I drink from cupped hands, fresh water, fresh blood, fresh weeping. There is iron in our skin, solder. You play a winter melody like it’s a hearth fire. Hungry, hungry, whole, watching our souls ripple outwards. We are our stories.
God, it’s finally spring. I can feel my face burning as I read out on the patio this morning. I wish that spring meant something other than an unfounded, unsubstantiated brightness that threatens oblivion and a terrible headache. But drunken monotony is better when it’s sunlit. My thoughts move more freely under the blue sky. I don’t feel like my words have to reflect the view out my window. There's no window, only air, too much air to breathe.
I’m barefoot, lying in my aunt and uncle's courtyard. I’m the only one on vacation, the only one for whom the city with its neat neighborhood blocks lined with cherry trees and people walking their well-bred dogs, is an escape. I’m the only one for whom the conventional American Dream is an escape.
We, big-brained humans, distill the sensual into semiotics. But cracked open, cracked up, stopped at the stop sign, I’m made aware of the prickly hairs growing out of my skin, of the virulent grass pushing through the cement.
It's semantics really; are we expanding inwards or outwards?
It’s a clear day. The sky is blue. The grass is green. And we are driving down the highway. The journey is marked by spastic bursts of conversation and a chunkily categorized landscape. I press my nose to the glass and point. There go the suburbs, the farmlands, the mountains. We are squished between moments, reckoning with a folded horizon.
A highway is a strip of land, paved over, with bold yellow stripes running down its center. It’s a dead snake. It’s everything it has crushed, everything it has pushed to its periphery. And it’s nothing, a vacuum with the sole purpose of transporting our consciousness from one location to another. A highway is a portal forced to exist in conventional space. It’s a portal stretched thin.
I wanted to experience Catholicism, the ritual of eating God on a dreary Sunday morning. So last winter, I hauled myself up the hill to St Mary’s Star of the Sea, only to find that mass was conducted in Spanish and that God’s dismembered body was reserved for initiates.
Is it too late for me to understand the rhythm of the ritual? Too late to flesh out my flesh? Too late to learn Spanish… Latin… Greek, Hebrew, Aramaic? Elohim, your name is plural. I am who I am. You are who you are. We are who we are. Are we separate? Or are we whole.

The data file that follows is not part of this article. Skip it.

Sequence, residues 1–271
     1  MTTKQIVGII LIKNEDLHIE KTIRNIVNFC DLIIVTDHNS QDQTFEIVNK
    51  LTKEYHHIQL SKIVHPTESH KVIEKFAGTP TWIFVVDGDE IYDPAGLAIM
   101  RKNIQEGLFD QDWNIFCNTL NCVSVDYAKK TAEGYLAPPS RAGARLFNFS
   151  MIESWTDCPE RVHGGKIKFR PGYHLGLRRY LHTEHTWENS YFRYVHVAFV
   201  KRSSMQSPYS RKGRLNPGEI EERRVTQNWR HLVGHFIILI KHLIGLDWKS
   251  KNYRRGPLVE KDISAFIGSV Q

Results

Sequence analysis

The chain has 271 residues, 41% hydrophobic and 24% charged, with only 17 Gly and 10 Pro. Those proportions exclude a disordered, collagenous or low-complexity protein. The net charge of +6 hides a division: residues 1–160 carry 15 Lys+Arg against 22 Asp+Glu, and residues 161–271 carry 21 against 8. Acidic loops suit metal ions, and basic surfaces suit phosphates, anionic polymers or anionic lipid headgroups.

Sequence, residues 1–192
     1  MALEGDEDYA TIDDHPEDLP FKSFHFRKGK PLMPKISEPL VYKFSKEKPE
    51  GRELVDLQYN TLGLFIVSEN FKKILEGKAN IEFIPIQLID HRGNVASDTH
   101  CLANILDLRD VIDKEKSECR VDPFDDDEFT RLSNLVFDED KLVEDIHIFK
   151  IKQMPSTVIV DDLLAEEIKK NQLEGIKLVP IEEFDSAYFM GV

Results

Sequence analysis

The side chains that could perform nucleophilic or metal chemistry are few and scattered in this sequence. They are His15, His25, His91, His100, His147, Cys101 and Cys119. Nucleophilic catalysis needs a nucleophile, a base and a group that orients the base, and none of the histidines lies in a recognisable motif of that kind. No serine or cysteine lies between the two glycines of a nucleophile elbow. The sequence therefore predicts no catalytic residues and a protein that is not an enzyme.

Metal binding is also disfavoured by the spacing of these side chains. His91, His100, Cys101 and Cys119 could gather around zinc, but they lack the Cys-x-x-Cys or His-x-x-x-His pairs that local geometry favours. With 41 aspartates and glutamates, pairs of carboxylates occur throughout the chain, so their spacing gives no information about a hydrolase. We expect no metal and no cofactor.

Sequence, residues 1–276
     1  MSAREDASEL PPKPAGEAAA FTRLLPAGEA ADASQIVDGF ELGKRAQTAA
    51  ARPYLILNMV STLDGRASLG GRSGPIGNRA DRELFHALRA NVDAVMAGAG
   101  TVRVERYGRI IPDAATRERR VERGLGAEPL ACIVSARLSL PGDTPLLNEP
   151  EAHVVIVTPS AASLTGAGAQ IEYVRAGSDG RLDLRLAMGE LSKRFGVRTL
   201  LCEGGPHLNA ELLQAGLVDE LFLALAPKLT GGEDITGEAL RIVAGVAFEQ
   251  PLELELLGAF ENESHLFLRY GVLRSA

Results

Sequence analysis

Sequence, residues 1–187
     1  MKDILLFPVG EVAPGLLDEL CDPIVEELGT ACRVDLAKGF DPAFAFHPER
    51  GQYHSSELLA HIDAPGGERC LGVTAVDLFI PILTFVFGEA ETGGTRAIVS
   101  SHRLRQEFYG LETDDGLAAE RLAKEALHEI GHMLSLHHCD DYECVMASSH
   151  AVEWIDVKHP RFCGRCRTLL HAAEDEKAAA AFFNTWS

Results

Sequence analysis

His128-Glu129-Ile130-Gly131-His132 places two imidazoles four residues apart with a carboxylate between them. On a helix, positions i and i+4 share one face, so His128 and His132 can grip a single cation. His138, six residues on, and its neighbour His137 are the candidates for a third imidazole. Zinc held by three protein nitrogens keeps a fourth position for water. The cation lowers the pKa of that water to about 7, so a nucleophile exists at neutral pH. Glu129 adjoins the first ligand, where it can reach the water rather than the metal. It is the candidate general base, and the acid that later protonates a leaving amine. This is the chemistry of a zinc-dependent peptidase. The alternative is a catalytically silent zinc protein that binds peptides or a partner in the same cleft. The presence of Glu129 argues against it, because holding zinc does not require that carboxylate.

I want to kneel before beeswax candles, to feel God’s grace behind the stochastic incandescence of our light. I want to passionately believe what my ancestors knew. Dear, Mr, Sir, Your Majesty, Your Eminence, The Pope, give me a prayer book. I’ll repeat the words until they become palpable, palatable, poetry.
The refrigerator has skin. It hums, cold through the cold night, singing to itself. There is an emptiness wound into our mechanisms. In the dark, I poured myself a cup of orange juice. Acid, lips, lungs, I couldn't swallow; I rejected the sun. Like refrigerators, we are haunted by a timeless past. We hum our ancestral melodies to keep our insides from spoiling. I once heard a story about a cat. It barfed up its guts after drinking antifreeze. I like to think it survived. a costume of itself, it continued to purr.
between piano chords, we listen to the rain fall. It splashes into the river. I am gone, lost through holes knife-point whittled into a set of reed pipes, lost to the rising wetland water. Each heart-beat is scattered, coordinated like a flight of swallows.
Homesexual romance is like a broken mirror. Two friends, two lovers, miss-matched comedies and tragedies. You’re my better half, seen through a raindrop, wobbling with delicate viscosity and falling with perfect arrowdynamic slant.
Our bones are one. Our flesh is separate and stinking with perfume. In a series of dancing angles, we break like silk. We share our breath, our dream-scarred cigarette smoke, our deep-belly sorrow, through the sacred gate of our lips.
To love is to desire the goddess, to lose yourself between beats.